"One of cinema's most stunning extravagances, and the most frightening art film you will ever see," says Film Comment's Michael Atkinson about this banned science fiction epic by controversial director Andrzej Zulawski. The Polish Ministry of Culture halted production On The Silver Globe in 1978, and until the fall of communism in 1986 when Zulawski completed the film, it remained both his best-known and least-seen work. In this surreal and disturbing mix of 2001 and Lord Of The Flies, a group of space pioneers starts a colony on the moon. As the adults die off, the children revert to primitive forms, creating their own myths, deities, and social classes. Years later, a politician from earth arrives and - fulfilling the moon people's prophecy - is hailed as their great messiah.
Background: Andrzej Zulawski started work on On the Silver Globe in 1976 and was nearing the end of shooting when the Polish government shut down production in 1978. The sets and prints were destroyed, but the director and members of his cast and crew managed to smuggle some of the pieces out of the country. Zulawski then returned to the relatively open Poland of 1986 to try to finish his movie. He didn’t quite succeed, but what he ended up with is fascinating.
On The Silver Globe is one of the most delirious and viscerally intense experiences I've ever had ever viewing a film. Think of the beautiful, languid cinematography of the Zone in Tarkovksy's Stalker, the madness of Jodorowsky's films (without the shallow visual metaphors), the sexual insanity of Ken Russell's The Devils, the ambitious costuming in Kurosawa's Ran, and you might have something close to this film.
At the film's peak of insanity, there is a sequence which features a dozen or so people impailed on 100-foot stakes... on the beach...on the moon!? The camera, which is inexplicably floating over the impailed, stops on a man and holds steady as he delivers his dying words
Stylus Magazine on On The Silver Globe:
"There are all kinds of “lost masterpieces” in any field of art, from great non-albums by The Beach Boys and Captain Beefheart to missing Da Vinci paintings. Add one to the list for cinema. It is tempting to wish Zulawski had had a chance to finish his movie on his own terms, but I think maybe it’s better this way. It seems almost as though this film’s natural state is one of incompleteness, and it is hard to imagine what completion would add. No matter how finished it is, it’s not a likeable movie, not a reasonable one, and while no amount of polish could make me like it, no amount of roughness can keep me from loving it."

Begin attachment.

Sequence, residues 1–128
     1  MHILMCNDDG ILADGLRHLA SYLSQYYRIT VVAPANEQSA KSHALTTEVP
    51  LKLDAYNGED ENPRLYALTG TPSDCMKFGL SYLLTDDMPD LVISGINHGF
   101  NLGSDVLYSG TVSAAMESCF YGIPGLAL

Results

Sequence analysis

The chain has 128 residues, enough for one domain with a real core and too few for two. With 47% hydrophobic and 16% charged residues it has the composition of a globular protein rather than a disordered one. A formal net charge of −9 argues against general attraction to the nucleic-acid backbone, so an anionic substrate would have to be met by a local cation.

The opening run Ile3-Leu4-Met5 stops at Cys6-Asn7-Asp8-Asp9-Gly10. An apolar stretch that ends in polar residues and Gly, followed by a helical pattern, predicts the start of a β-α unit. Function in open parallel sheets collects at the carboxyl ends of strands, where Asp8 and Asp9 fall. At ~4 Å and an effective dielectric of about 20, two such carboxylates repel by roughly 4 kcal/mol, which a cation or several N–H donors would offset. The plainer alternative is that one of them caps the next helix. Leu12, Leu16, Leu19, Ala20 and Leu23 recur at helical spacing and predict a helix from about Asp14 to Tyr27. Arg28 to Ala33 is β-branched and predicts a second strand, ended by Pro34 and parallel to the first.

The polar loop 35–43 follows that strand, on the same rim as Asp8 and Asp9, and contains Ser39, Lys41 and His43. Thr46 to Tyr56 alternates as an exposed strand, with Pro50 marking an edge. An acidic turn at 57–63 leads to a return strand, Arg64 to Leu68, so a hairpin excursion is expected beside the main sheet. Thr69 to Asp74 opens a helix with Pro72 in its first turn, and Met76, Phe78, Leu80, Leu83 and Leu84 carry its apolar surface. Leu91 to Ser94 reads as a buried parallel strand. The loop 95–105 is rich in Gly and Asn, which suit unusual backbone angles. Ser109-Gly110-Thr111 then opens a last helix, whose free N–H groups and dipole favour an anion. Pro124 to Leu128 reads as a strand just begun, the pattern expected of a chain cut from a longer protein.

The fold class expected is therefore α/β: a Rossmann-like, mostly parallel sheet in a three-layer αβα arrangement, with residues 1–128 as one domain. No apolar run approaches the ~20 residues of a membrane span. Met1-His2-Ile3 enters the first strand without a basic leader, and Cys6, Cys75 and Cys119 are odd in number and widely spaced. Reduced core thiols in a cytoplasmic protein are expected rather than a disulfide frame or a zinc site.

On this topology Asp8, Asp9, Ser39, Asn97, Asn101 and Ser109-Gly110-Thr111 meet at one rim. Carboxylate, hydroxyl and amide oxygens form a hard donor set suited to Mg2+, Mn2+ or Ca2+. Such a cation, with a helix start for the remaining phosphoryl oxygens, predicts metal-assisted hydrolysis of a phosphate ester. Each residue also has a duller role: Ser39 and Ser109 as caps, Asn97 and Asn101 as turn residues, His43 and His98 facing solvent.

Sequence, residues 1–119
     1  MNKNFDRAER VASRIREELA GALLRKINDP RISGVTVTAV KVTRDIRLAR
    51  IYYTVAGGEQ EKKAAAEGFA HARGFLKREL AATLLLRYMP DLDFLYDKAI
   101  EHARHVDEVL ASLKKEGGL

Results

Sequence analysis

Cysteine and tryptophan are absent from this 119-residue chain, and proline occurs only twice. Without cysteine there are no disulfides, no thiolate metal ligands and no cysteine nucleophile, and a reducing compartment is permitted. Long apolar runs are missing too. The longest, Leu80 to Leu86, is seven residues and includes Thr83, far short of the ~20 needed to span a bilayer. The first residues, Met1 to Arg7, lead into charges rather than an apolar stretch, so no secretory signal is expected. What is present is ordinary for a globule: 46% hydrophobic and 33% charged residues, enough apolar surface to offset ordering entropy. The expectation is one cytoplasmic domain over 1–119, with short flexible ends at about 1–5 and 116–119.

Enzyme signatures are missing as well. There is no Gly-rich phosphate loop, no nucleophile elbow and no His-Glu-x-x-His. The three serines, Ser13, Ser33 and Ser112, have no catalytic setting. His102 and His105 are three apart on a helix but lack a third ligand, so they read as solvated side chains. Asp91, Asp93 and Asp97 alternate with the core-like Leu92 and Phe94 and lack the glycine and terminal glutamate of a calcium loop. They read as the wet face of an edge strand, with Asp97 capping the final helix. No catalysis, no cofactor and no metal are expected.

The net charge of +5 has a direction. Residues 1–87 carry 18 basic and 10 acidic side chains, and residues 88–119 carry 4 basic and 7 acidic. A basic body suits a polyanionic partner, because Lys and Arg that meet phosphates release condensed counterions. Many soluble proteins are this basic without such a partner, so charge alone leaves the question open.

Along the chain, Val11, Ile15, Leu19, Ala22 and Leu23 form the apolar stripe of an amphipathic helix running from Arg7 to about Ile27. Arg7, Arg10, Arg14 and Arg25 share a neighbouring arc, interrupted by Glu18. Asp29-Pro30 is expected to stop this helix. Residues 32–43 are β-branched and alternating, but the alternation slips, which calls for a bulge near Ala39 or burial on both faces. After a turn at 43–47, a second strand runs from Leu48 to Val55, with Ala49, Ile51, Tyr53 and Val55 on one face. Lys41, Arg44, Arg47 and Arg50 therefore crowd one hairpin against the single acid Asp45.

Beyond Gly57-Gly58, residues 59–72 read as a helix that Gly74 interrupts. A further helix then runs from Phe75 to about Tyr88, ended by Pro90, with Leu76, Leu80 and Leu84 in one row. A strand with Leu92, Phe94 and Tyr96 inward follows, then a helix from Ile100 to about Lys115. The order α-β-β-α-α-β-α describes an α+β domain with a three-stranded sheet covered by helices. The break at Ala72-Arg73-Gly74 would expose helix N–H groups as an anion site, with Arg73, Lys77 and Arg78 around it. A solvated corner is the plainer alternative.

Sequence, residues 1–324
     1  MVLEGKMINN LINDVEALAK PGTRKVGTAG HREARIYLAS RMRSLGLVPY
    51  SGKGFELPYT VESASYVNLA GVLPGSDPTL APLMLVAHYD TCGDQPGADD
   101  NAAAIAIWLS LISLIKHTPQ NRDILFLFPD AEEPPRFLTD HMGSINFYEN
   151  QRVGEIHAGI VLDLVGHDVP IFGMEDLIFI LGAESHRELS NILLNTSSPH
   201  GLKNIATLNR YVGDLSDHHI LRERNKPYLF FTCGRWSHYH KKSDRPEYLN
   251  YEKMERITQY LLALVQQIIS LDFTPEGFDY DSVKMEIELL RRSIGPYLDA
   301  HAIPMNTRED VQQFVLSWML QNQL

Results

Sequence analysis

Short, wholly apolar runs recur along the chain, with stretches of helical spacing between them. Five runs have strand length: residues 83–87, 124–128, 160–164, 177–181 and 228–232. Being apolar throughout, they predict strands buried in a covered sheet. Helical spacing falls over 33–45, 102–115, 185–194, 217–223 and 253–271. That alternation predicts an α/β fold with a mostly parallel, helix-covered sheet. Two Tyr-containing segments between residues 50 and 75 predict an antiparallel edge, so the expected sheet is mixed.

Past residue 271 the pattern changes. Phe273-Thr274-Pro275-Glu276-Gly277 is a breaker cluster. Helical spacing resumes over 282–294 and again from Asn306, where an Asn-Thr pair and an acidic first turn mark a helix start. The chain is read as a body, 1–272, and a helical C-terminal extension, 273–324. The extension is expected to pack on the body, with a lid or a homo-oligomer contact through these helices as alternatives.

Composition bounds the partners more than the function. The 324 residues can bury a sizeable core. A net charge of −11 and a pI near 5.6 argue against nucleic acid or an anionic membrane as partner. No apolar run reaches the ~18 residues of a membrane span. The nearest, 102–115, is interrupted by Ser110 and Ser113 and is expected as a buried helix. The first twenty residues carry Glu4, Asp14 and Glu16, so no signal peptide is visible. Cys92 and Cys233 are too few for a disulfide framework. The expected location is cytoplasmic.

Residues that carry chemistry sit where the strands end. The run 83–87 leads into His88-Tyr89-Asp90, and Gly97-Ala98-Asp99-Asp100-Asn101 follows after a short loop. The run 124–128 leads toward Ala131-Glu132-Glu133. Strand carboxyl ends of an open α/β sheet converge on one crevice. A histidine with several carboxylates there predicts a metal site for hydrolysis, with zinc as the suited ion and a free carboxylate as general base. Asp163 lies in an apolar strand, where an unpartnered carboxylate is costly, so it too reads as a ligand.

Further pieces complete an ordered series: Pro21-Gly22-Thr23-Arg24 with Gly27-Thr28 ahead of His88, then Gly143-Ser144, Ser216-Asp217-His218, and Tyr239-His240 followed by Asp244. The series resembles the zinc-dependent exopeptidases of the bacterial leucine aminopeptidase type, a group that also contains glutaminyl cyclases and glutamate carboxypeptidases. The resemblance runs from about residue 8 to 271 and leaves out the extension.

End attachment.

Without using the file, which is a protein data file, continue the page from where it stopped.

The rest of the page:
"To please the majority is the requirement of the Planet Cinema. As far as I'm concerned, I don't make a concession to viewers, these victims of life, who think that a film is made only for their enjoyment, and who know nothing about their own existence."
This is an incredible film. There are only few films that have a strange power over me, that manage to keep me hooked from the very first scenes, making impossible for me to look away until the very end -- the dialog between Dr. Raglan and his patient in the opening of The Brood, when automated doors burst open in the airport and Suzy enters the cab in Suspiria, the opening sequence in Zulawski's later film (and equally insane) Possession, and the opening to On The Silver Globe is no exception, it is remarkably haunting -- an shadowy black figure with beautiful costume excess (almost Native American) rides a horse through a snowy, otherwordly setting to a human bunker/compound where he delivers unsettling news in his bizarre home language. Seek this one out. It doesn't matter if you like this film or not, it will have an effect on you.